The Malta Independent 29 May 2024, Wednesday
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Serf and Lord

Kevin Cassar Sunday, 4 June 2023, 08:17 Last update: about 13 months ago

Minister Roderick Galdes personally phoned vulnerable citizens to inform them that they were chosen to get a house. In the run-up to a general election the Minister phoned constituents on the waiting list for social housing, to give them the news.

No letters were sent to those applicants.  Instead Galdes phoned them himself, making sure he got the credit for their new accommodation.

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This is shameless exploitation of some of the most vulnerable in our society.  This is the definition of political clientelism, where material goods are distributed by the Minister himself on a non-meritocratic basis in return for electoral support.  And the criteria for distribution are simple.  Are you or your family in my district? Did you or will you vote for me?

In a surreal reply to the Shift, the Housing Authority admitted that those selected to be allocated social housing “were informed by telephone call as per our normal procedure, no letters have been issued to inform clients of allocations”. This is Malta, not the Central African Republic. Yet Minister Galdes commented “I think I have every right to do this as an MP and Minister, especially among my constituents”.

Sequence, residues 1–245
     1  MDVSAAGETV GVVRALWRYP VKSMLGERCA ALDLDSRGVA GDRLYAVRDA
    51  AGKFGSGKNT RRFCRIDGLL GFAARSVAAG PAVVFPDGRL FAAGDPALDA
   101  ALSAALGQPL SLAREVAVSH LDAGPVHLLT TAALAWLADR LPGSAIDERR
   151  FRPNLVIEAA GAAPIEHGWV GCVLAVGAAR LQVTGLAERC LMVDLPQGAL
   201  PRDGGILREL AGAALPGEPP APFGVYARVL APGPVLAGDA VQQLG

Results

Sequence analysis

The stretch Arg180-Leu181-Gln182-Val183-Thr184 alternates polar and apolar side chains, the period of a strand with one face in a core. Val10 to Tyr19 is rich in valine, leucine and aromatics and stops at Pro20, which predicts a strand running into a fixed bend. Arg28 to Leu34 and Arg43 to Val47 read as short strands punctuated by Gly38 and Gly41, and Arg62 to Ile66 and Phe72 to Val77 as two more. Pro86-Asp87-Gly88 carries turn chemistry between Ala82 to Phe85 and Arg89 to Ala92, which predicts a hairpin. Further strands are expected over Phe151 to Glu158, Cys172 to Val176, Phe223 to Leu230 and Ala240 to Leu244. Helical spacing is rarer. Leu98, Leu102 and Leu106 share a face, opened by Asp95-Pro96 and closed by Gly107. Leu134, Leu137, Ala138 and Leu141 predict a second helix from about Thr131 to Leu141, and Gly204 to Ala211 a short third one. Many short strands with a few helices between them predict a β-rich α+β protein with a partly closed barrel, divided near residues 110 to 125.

This is the type of patronage that dominates in failed states. It constitutes wholesale purchase of votes with state assets. And this is “our normal procedure”.

Galdes admitted that phoning constituents to tell them they’d been allocated housing was his “way of maintaining a close relationship with my constituents”. Galdes is determined to convince voters that personal relationships with him are vital for getting what is essentially their right. Once established, that political connection works as a strong incentive for voters to preserve the political status quo and keep the incumbent in office.  If Galdes provides help when needed, why vote for anybody else? That personal phone call ensures the link between the favour and Galdes is all too explicit.  It is immediate and clear.

The recurrent use of “discretion” in the everyday undertakings of the public sector provides Galdes with the perfect cover to allocate social housing to those he chooses.  “Social housing units are allocated at the discretion of the responsible Allocation Board,” the Housing Authority stated.  But nobody knows who the members of that Board are.  What is sure is that they’re all appointed by Galdes.  What is also certain is that the Housing Authority’s new CEO is the son of the minister’s cousin.  Matthew Zerafa who served as Galdes’ chief of staff and who managed Galdes’ private secretariat runs the Housing Authority.

This is typical of countries with weak institutions where the minister and his family have unfettered discretion on who benefits from their favours.  The long queues of constituents waiting to speak to the minister to solve “a personal problem” attests to the success of Labour’s strategy to transform the country into a nation of beggars.  It’s also a strategy to glorify Labour’s ministers as the beneficent saviours of the country.